Sonia O’Sullivan: Success in sport doesn’t begin or end with funding
It’s much more satisfying to be rewarded for results than awarded for potential
The Ireland women’s hockey team celebrate with their silver medals following last weekend’s World Cup Final at Lee Valley Hockey and Tennis Centre in London. Photograph: Kate McShane/Getty Images
Some things can always be argued from the side of the chicken and the egg – the ultimate Catch-22 scenario – and at times it seems success in sport is no different, especially when it comes to the core issue of funding.
Which comes first: the success, or the funding which helped bring about that success? It’s the one issue doing the rounds at the moment in the aftermath of the surprise success of the Irish women’s hockey team. Getting to the World Cup final was something nobody expected, and yet the team just kept on winning and progressing, mostly on the back on their own self-belief, huge team spirit, and their never-give-up attitude.
Their momentum engaged the whole country, and this positive energy just added more to their belief and the possibility that anything could happen: even going into the final in that way. At times too they made it look so easy.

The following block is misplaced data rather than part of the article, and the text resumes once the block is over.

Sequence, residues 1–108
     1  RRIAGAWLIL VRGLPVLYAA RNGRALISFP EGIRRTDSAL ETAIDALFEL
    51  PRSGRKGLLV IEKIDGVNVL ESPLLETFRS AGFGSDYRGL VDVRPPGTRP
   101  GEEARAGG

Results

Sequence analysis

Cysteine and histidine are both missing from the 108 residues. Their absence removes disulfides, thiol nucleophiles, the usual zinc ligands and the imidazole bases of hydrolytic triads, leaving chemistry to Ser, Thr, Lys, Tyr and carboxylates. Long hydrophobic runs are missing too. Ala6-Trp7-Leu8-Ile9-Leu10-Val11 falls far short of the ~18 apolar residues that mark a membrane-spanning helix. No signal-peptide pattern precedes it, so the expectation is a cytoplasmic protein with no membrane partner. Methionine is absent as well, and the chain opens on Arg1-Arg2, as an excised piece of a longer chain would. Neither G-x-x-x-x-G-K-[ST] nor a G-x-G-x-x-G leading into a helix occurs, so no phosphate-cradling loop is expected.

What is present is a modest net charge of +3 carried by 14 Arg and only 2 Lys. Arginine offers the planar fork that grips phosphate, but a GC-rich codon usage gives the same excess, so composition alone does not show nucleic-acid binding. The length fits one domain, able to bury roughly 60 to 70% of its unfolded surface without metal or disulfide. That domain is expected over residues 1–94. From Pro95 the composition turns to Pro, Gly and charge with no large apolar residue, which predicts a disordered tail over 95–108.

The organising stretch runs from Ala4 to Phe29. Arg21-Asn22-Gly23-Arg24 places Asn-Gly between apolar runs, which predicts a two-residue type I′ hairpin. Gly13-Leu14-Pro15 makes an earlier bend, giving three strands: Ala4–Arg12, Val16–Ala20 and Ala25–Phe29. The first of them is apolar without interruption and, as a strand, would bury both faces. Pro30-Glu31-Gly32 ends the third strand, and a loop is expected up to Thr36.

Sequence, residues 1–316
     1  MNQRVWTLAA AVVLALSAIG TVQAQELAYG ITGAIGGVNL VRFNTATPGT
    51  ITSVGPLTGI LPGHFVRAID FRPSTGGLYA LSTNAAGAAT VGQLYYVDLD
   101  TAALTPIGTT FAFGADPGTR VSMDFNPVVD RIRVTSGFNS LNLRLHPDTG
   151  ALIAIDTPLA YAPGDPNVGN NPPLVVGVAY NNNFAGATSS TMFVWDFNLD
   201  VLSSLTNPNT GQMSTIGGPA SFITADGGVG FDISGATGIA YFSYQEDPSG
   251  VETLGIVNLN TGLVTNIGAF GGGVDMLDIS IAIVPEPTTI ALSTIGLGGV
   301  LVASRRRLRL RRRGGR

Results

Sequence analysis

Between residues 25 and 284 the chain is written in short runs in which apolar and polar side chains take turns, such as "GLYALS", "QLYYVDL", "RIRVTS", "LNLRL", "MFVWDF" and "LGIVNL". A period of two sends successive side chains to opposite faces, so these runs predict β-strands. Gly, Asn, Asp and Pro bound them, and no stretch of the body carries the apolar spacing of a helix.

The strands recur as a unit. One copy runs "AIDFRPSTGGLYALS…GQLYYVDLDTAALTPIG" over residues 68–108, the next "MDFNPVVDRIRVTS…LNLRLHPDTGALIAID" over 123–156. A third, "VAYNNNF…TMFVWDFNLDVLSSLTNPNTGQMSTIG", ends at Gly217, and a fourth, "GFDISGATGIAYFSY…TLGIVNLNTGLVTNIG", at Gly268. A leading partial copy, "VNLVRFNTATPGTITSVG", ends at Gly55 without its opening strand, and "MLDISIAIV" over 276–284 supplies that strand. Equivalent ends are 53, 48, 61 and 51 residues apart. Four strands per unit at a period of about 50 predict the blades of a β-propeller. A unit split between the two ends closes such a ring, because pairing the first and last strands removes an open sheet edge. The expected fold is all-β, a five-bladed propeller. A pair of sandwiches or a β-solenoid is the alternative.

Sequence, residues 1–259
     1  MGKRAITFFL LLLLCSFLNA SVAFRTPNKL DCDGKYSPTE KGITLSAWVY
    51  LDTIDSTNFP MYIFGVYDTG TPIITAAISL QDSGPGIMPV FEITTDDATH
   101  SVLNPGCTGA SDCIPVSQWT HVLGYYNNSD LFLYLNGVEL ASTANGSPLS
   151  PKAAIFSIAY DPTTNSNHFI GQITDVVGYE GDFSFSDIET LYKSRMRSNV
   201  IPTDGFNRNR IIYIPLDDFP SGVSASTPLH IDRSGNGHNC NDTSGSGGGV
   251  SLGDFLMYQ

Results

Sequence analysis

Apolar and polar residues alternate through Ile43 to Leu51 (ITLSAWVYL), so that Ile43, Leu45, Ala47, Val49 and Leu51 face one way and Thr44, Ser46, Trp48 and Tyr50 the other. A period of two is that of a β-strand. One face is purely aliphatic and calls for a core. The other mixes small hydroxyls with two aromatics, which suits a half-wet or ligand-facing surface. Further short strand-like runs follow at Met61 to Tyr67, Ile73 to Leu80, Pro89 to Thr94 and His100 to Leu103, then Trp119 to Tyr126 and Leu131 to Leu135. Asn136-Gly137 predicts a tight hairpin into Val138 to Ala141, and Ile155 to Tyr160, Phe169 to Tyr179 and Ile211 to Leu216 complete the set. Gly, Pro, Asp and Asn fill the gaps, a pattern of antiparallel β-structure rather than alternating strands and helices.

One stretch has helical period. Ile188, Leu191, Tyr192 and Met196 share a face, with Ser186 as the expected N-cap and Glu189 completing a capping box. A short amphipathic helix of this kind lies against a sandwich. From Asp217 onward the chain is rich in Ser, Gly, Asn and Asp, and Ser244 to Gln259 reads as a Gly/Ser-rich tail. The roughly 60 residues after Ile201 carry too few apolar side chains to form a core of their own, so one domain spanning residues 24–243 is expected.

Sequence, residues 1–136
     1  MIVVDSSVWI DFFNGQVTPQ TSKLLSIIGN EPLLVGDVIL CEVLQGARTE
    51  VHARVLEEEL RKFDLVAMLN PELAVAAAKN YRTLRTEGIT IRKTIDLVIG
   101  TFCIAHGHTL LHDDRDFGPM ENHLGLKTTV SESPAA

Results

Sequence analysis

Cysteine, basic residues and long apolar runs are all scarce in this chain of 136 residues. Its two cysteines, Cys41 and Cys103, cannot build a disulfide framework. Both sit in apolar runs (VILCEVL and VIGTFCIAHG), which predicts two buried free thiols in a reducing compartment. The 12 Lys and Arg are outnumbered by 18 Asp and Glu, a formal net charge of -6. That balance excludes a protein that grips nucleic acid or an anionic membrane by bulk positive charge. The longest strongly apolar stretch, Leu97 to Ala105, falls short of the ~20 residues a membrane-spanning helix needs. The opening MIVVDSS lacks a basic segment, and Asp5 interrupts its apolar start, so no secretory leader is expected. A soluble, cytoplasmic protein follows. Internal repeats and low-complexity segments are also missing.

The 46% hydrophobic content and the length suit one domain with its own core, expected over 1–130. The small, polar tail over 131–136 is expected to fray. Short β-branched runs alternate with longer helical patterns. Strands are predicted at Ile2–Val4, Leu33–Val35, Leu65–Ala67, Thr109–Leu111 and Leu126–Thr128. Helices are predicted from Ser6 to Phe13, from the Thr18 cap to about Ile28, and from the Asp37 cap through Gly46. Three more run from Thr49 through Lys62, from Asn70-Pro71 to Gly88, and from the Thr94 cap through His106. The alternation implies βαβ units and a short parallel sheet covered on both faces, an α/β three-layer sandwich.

There’s no doubting there’s been a massive sacrifice and commitment from every member of the team and coaching staff, above and beyond any support or backing they were receiving to up this point.
This is effectively the way funding in sport has always been, and how I always believe is a more accountable way of going about it. Perform and you will be rewarded. Not the other way around.
Back in my early days of competitive running, the first time I was ever made aware of funding was when asked to collect receipts in order to claim back any expenses. It seemed fair enough to me, just a little bit more planning and trust that I would get paid back what was already coming out of my own pocket.
I didn’t think too much about it: my main focus was on training hard and enjoying racing. My only concern was doing everything possible to get results, and I knew if I got those results then I would be rewarded, or at least paid back my expenses. This to me was the natural progression: to grow as an athlete, to continue to improve, and in the worst-case scenario at least break even.
Number one priority
When you’re trying to be the best athlete you can be, you have to be able to place your training and preparation as number one priority, but also weigh up other aspects of your life.
It shouldn’t be a given that because you have potential to be good that you will be supported. The greatest success comes from athletes and teams that “back” themselves, the ones that go out on a limb and take no shortcuts, because they’ve already worked out in their own head what’s required.
If you wait around long enough to be paid before you deliver results, then that time may just pass you by, and by the time you realise that it’s up to you to make the first move you find yourself a few steps behind your competitors.
The big difference now is that athletes expect to be paid above and beyond their expenses to be able to compete, or at least cover the extra cost of living the elite athlete lifestyle.